The latest news regarding 22 mills under the Bangladesh Jute Mills Corporation (BJMC) has created mixed reactions in various quarters. While economists and financial analysts have long been expressing dismay at the horrible state of affairs inside government-owned mills, whose only work seemed to be loss-making, over 25,000 workers and their family members have been placed face-to-face with a bleak future. Although the official announcement has been that these mills will now be run on Public Private Partnership (PPP) basis, experience with PPP in some other areas left scope for questioning. Some experts tend to believe this might indeed stray into denationalising the mills with all the properties they have. The government, however, in a high-powered meeting very recently has been quick to point out that these mills will indeed be modernised under PPP and all workers considered fit in a future scenario will be readmitted. Besides that arrangements have been made to pay arrear salary of the workers. A hundred-crore fund, considered by many as too paltry, will start payments from next September, with the ultimate amount rising up to five thousand crores. The Prime Minister in the meanwhile has asked all concerned to clear all dues of the jute mill workers.
Jute has been a headache for the policymakers ever since the early nineties because of economic reforms. Ups and downs in the world market have seen its glorious past take dips. About 30,000,000 people of the country depend on jute production and jute industry in different ways. That a wholesale nationalisation in the post-independence days did not necessarily do good was proved in the subsequent days through an endless stream of subsidies. The case of Adamjee Jute Mills has shown that continuous subsidy cannot make an entity survive in a competitive world. At the moment over 95 per cent of the jute mills of the country are privately owned and they make money. The remaining five per cent, government-owned, have been a continuous drainage on public resources. Mismanagement and corruption have been cited as the major causes. Apart from that the basic reason that a market mechanism works better than a moribund state ownership may have something to do here. The government must not do business, it has to help business.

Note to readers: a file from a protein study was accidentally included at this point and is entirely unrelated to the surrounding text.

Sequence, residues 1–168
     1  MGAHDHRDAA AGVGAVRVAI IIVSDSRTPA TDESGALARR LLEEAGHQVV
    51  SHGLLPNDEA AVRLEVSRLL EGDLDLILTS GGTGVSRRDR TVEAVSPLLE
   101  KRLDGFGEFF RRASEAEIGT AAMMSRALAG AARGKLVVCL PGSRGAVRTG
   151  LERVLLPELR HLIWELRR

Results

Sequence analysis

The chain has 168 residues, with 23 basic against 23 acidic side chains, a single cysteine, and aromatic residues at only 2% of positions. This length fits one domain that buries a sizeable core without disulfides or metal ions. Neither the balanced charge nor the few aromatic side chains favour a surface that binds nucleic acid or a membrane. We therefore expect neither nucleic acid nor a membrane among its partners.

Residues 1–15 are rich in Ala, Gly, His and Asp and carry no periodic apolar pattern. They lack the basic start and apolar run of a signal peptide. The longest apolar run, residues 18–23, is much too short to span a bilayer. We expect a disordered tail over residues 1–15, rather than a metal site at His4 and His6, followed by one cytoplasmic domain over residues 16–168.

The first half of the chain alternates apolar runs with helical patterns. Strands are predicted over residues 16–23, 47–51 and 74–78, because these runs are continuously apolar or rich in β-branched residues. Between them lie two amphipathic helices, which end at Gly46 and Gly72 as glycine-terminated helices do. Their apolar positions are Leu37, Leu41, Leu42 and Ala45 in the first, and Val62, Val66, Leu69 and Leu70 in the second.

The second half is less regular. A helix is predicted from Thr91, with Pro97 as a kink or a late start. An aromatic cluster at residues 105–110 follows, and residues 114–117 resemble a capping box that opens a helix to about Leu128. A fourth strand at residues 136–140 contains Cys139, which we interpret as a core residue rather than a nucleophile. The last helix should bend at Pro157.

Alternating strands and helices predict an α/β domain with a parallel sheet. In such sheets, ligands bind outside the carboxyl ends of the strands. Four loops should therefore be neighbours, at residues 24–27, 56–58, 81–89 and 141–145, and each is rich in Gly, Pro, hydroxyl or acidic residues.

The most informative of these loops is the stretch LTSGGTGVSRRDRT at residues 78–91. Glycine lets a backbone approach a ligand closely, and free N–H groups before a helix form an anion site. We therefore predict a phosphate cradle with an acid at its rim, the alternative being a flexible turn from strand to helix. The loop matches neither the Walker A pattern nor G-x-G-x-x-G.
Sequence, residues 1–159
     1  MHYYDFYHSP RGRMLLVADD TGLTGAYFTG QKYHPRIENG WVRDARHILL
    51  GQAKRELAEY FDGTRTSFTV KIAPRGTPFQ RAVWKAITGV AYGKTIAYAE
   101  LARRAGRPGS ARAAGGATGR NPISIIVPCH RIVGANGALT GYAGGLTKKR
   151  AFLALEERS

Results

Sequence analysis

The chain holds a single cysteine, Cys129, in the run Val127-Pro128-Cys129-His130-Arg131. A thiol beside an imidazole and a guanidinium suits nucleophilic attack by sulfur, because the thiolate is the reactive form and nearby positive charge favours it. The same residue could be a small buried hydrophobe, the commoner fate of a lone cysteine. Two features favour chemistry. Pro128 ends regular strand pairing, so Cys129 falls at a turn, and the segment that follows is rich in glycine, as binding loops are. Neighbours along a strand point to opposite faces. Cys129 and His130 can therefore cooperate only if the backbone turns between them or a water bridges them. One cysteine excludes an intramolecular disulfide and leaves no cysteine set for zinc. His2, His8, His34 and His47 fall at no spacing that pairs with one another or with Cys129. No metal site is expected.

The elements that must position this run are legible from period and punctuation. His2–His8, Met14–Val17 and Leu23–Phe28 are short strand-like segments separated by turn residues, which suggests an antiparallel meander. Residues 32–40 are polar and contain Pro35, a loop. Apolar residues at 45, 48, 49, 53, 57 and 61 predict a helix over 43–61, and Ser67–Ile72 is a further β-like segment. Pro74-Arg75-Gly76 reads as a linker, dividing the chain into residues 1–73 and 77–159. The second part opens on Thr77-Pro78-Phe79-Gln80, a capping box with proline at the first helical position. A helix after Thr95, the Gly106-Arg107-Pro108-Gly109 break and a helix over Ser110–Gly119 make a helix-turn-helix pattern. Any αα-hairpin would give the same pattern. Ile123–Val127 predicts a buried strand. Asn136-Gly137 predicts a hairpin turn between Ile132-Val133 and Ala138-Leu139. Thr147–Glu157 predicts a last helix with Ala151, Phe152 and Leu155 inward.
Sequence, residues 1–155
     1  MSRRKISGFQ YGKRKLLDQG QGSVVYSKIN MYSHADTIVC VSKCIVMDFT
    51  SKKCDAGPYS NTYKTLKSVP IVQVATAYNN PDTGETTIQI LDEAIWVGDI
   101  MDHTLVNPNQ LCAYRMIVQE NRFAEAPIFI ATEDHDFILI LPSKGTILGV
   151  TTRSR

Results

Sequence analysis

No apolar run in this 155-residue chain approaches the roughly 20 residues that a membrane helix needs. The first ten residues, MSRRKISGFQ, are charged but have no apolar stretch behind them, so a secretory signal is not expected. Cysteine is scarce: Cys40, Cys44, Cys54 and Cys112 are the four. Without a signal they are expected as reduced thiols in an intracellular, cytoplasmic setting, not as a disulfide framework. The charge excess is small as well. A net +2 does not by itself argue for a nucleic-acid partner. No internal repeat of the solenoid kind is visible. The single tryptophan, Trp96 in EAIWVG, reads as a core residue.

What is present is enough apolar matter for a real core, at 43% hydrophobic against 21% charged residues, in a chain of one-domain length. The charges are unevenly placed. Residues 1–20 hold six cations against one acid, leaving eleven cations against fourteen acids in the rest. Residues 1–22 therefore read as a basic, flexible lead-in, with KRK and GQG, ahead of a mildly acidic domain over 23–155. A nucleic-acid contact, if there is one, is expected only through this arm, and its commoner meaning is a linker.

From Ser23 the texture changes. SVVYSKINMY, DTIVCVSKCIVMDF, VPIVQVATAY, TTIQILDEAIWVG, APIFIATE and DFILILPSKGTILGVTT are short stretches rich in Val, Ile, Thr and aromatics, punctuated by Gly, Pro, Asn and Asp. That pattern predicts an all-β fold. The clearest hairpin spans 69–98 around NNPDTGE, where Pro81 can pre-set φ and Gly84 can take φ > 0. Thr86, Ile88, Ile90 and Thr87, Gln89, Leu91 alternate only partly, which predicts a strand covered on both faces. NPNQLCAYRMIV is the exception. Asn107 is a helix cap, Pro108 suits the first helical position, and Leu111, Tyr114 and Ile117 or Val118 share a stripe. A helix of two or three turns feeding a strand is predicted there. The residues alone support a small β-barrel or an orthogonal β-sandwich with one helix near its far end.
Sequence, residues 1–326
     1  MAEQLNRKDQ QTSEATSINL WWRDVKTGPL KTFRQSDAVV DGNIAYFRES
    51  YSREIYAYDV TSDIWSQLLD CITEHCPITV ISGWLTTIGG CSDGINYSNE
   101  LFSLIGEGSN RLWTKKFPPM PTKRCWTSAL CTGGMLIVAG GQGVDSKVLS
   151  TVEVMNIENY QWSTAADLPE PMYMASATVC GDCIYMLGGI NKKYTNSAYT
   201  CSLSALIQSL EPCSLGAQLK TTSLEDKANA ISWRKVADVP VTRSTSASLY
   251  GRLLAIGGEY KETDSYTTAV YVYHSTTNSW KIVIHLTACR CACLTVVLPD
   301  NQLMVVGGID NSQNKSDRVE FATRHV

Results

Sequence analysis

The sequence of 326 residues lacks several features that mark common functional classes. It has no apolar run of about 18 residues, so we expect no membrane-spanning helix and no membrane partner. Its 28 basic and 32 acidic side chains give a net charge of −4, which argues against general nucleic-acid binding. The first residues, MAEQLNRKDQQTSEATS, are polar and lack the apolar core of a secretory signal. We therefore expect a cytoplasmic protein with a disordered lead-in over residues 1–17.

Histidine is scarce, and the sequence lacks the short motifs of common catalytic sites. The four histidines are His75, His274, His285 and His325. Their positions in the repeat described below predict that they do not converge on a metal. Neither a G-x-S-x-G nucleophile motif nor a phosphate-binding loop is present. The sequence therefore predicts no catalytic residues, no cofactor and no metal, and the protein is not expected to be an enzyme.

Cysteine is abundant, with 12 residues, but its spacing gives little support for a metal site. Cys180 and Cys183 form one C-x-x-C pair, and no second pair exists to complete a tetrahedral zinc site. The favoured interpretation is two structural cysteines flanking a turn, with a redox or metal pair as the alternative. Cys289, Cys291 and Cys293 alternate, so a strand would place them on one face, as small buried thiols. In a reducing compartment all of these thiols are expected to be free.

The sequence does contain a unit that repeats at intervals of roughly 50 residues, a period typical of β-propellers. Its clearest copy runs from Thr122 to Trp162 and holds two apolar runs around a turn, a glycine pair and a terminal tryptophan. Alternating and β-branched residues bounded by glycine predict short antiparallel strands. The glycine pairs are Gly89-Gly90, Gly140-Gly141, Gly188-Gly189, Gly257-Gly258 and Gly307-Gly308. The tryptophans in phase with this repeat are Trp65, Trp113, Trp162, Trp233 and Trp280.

Coming back to the proposed PPP for the two dozen BJMC jute mills, the most important thing to remember will be to ensure that it become the real thing in matters of modernisation, efficiency and cost-cutting. Besides, the huge landed property that they have must be protected at any cost: no unholy alliance must be allowed to be formed to thwart the underlying aim of the effort. Past experience with PPP is not praiseworthy. This latest effort deserves to set up a unique example in which a willing public sector will help the growth of modernised jute mills with the help of resurgent private entrepreneurs. The prospects are huge in view of the environmental ascendancy of the natural fibre over synthetics. Lethargy, mismanagement, corruption and wastage cannot have any place in the new protocol. Besides, experienced hands from the existing mills must have their doors open for future employment.
Since Bangladesh always figured prominently in international jute trade, the two dozen mills, once modernised and set on a sound PPP footing, would no doubt contribute to the legacy.